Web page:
179. Back to the Future: Penicillin-susceptible Staphylococcus Aureus
Session: Poster Abstract Session: Antimicrobial Stewardship: Current State and Future Opportunities
Thursday, October 8, 2015
Room: Poster Hall
Background: Penicillin was first used to treat septicemia in 1942. Subsequent widespread usage resulted in the emergence of resistance in Staphylococcus aureus. However, new data suggests that penicillin susceptibility may be in a period of renaissance. The objective of our study was to explore the resistance patterns in methicillin-susceptible Staphylococcus aureus(MSSA) bacteremias.

Methods: We retrospectively reviewed all adult MSSA bacteremia from April 2010 to April 2015 at the McGill University Health Centre (Montreal, Canada).  Susceptibility to penicillin, macrolides, clindamycin and trimethoprim-sulfamethoxazole (TMP-SMX) were determined in accordance with the Clinical & Laboratory Standards Institute guidelines.  Only the first positive culture per patient was included.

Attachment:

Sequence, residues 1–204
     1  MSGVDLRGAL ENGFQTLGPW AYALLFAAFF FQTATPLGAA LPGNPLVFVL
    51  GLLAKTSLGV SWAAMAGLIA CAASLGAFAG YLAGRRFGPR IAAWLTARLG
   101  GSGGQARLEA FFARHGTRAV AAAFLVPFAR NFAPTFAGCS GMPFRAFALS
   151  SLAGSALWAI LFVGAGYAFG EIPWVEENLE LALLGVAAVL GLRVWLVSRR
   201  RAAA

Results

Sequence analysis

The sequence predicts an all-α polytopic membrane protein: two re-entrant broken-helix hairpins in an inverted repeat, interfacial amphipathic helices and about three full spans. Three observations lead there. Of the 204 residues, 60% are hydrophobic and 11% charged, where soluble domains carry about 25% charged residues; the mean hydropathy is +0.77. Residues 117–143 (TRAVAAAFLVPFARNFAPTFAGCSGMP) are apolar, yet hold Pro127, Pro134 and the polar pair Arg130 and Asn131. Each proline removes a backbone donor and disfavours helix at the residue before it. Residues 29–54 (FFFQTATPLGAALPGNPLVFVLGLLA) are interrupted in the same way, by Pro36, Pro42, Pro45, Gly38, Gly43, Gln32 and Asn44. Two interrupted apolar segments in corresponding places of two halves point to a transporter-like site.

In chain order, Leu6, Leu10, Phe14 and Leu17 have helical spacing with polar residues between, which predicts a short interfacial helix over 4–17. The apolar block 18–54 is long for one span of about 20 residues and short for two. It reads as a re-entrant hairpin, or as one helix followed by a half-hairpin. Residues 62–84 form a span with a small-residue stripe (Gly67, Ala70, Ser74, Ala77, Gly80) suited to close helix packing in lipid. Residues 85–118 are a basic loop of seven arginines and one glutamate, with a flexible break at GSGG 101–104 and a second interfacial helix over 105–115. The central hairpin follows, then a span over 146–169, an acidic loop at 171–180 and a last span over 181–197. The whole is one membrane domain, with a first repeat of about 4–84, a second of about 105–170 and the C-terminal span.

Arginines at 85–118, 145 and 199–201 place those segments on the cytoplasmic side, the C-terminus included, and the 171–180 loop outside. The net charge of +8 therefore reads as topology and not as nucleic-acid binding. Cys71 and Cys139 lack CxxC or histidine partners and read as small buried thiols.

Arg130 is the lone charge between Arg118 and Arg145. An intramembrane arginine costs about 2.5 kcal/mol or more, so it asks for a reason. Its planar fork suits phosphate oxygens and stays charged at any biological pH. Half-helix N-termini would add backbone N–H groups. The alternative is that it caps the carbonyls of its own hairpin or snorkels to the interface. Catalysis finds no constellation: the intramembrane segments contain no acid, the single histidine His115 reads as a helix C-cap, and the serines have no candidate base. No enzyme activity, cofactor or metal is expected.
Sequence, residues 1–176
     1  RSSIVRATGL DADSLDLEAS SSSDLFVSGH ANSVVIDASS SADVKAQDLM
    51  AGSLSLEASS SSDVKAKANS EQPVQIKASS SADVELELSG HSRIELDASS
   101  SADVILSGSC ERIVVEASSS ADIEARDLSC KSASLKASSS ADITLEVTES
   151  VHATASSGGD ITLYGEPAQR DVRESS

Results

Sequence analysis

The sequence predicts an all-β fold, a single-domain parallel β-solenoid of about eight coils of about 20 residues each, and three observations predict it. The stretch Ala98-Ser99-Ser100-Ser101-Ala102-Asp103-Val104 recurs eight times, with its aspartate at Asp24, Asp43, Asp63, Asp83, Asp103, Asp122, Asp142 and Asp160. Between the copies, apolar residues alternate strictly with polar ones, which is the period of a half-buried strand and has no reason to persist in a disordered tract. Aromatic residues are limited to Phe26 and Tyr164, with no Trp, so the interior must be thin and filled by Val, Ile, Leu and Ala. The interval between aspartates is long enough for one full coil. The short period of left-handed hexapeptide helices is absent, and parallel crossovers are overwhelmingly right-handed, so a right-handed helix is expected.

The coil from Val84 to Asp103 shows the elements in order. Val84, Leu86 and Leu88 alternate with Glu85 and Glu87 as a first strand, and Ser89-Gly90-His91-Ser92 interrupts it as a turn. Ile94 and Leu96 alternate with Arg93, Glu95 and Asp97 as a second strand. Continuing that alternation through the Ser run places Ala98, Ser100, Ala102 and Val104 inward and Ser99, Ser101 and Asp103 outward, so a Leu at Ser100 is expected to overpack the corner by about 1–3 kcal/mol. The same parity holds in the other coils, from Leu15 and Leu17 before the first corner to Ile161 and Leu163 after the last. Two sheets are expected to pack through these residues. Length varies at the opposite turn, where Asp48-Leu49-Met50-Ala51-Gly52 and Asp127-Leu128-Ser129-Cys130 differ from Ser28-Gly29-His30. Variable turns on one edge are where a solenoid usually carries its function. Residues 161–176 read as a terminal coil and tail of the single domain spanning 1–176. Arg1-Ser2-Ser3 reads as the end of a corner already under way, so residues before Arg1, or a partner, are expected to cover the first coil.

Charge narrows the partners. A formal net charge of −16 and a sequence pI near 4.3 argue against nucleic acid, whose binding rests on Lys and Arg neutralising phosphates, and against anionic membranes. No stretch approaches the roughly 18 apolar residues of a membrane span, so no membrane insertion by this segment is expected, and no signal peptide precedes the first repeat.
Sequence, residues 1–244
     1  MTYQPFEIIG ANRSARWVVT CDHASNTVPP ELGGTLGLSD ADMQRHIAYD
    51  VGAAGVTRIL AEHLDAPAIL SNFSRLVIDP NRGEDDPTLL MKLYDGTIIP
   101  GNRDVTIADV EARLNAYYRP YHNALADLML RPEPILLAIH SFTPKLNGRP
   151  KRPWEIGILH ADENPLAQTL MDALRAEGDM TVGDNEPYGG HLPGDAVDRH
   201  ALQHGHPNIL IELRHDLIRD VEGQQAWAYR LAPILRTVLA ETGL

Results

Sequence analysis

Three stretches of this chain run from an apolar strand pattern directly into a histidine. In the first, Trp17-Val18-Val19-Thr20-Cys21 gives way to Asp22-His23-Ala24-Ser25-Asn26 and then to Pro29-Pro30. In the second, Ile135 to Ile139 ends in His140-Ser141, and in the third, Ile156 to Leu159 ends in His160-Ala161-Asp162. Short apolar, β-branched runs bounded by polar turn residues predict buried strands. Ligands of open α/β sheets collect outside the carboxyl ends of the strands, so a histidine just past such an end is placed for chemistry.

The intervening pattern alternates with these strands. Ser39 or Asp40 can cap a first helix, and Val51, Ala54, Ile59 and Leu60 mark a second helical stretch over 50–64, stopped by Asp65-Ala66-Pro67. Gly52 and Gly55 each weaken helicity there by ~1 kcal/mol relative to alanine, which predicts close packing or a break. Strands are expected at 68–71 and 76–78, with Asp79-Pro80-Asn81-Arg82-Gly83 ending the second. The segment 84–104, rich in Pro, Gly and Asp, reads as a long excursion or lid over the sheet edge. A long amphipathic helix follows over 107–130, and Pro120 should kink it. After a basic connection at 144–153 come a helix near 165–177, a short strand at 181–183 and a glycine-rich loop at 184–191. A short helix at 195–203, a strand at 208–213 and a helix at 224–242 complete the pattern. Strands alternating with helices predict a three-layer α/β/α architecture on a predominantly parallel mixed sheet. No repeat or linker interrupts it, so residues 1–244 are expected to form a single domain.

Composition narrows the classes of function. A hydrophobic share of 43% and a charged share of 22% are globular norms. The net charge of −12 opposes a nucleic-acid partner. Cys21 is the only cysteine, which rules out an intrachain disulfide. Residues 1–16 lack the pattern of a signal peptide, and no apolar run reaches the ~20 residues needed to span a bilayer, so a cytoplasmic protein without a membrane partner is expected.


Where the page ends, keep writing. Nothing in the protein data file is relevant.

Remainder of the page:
Results: There were 324 unique episodes of MSSA bacteremia.  90 (28%) isolates were susceptible to penicillin, 229 (71%) to macrolides, 239 (74%) to clindamycin and 317 (98%) to TMP-SMX.  Isolates that were penicillin resistant were more likely to also be resistant to macrolides (76/234 vs. 19/90, p=0.04) but not clindamycin (68/234 vs. 17/90, p=0.06) or trimethoprim-sulfamethoxazole (6/234 vs. 1/90, p=0.42). 

The median age of patients was 67.5 years (IQR 52-78) and overall in-hospital 30-day mortality was 16.3% (53 deaths).  Patients 75 and older were more likely to die (28/99, 28.3%) than those 65-74 (14/82, 17.1%) or below (11/143, 7.7%) (p<0.001). After adjustment for patient age, there was no association between penicillin resistance and either ICU admission or death.

Conclusion: More than one quarter of patients with MSSA bacteremia could be treated with parenteral penicillin. When susceptible, penicillin has prolonged time over minimal inhibitory concentration compared with other beta-lactams: providing a theoretical advantage in achieving cure while minimizing spectrum of activity.  Our results may support a return to penicillin testing among invasive SA isolates in centers that have stopped.

Matthew Pellan Cheng, M.D., C.M., Pierre Rene, MD and Todd C. Lee, MD, Infectious Diseases, McGill University, Montreal, QC, Canada

Disclosures:

M. P. Cheng, None

P. Rene, None

T. C. Lee, None

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